During my lunchtime gym session on Tuesday, I received a lecture from an elderly patron on how to lose weight.
It amazes me sometimes that people have no filter and can just assume it’s okay for them to say certain things to strangers. Don’t get me wrong, the guy wasn’t being mean (I don’t think). He’s a retired physician* who reminded me of the doctor my grandmother used to take me to, and he’s definitely coming from the old school of thought when it comes to diet and exercise and weight.
By old school, I’m referring to the instant assumption that fat=unhealthy and skinny=healthy.
I wasn’t offended. This isn’t something that’s new to me and I can easily accept the fact that there is a prevalent misconception that fat people at the gym are only there to lose weight. I follow a few body acceptance blogs, and I wholeheartedly agree with the fact that people shouldn’t be bullied for their size and that loving yourself no matter what you look like is key to a healthy and happy existence.
Do I think assuming I was at the gym to lose weight was a fair assumption? Not really. But I’m a non-confrontational person and didn’t feel like arguing the point.** I knew my reasons for being there, regardless of what Mr. Doctor saw; I just didn’t see any benefit of sharing this for an argument with a random stranger.
My main goal is not to lose weight, regardless of my plussy plus size. I exercise so I can walk/move/feel better and so I can keep my depression symptoms under control. End of story. I’m not going to say no to weight loss. If it happens, I’m not going to try to put the weight back on. But I’m done making that my main focus, because it obviously hasn’t worked for me during the better part of three decades.
After Mr. Doctor flat out asked me if I’d lost weight from exercising, he proceeded to tell me that exercise isn’t enough, that the best thing I can do is “push myself away from the table.” While I knew what he meant, that’s not great advice in itself. Is he saying I should just look at the food then leave? Is he saying to eat what I want but then to forcefully push myself away in order to get a good arm workout?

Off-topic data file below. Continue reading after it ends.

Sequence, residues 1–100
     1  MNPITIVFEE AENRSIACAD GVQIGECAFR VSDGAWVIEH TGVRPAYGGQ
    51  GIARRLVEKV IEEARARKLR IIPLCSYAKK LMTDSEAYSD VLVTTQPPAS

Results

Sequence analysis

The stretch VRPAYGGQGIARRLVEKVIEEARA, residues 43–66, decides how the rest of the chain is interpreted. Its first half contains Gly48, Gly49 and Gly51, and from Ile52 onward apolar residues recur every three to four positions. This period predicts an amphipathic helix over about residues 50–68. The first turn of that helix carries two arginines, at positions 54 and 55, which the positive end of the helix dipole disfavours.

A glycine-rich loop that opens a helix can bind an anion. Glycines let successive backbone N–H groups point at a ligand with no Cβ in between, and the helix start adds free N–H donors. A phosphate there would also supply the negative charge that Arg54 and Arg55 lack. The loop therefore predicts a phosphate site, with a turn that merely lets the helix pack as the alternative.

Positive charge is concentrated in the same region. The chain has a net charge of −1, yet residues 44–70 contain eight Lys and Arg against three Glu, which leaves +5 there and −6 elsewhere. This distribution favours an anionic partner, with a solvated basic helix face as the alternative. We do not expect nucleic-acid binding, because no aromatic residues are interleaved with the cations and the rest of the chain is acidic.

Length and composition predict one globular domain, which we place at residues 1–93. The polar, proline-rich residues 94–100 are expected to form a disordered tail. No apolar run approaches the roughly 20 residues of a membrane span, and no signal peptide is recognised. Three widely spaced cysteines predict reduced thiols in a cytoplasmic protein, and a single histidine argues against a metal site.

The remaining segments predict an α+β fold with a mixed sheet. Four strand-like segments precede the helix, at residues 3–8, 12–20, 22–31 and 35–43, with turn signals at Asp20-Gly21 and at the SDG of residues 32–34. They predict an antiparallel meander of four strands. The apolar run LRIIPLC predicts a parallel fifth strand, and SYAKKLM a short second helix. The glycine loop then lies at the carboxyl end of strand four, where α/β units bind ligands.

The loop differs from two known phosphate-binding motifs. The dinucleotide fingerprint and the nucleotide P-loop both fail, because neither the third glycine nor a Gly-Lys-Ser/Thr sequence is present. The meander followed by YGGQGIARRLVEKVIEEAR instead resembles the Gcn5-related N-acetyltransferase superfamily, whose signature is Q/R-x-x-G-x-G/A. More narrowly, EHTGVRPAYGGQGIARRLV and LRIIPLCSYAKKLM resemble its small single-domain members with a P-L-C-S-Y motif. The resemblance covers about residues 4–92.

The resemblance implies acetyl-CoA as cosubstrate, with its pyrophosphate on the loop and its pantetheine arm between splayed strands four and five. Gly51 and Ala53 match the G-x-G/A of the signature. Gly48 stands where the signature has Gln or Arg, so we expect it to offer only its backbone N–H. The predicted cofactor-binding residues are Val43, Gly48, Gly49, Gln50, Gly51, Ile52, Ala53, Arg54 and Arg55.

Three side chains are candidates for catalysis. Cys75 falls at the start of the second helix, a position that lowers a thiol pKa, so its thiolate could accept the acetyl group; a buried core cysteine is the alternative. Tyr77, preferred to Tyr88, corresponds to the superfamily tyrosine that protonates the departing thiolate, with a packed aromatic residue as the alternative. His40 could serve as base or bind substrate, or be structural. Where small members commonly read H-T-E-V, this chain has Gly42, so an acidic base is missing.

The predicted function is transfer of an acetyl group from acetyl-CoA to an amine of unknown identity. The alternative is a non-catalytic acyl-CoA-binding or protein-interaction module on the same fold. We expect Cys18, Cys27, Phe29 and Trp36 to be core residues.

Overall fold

Sure, I know what he’s talking about, and those responses are kind of snarky. But you know what? A younger me, or another person struggling with their weight, might not get it. They might be so upset and so embarrassed that a stranger would say something like that that they’d just stop going to the gym completely.
I’ll be back in the gym regardless. But saying stuff like that to people is probably going to do more harm than good. It’s one thing to be concerned about someone’s HEALTH. It’s another thing to assume that a fat person at the gym is not healthy when you’ve likely seen thin drug addicts on the street and instantly assumed they were fine. FYI, I don’t think it’s fair to do the opposite either. Just because someone is super thin is no reason to make disparaging comments or insinuations about eating disorders.
I don’t know if we’re ever going to change the old school way of thinking for the old schoolers themselves, but maybe it’s time to start adopting some new school ways of thinking. If you’re going to get healthy, do it to feel good, not to fit into a size. Diagnose based on real health problems, not just statistics…treat people as individuals, not as a weight. And don’t assume you randomly know what’s best for everyone else in the world based on how they look.
So thanks for the lecture, Mr. Doctor, but I don’t even own a table, I exercise to keep from throwing things at nosy people, and I’m pretty sure I know the actual scientific basics of how to lose weight. Now excuse me while I drink this protein shake and go grab a taco for lunch.
*I know this because he shared that with me as part of the “discussion.”
**I didn’t feel the need to argue this for my own personal reasons. I did realize after writing this post that by not saying anything, I wasn’t really helping the cause either. But I’ll be the first to admit that my passiveness makes me a really bad activist.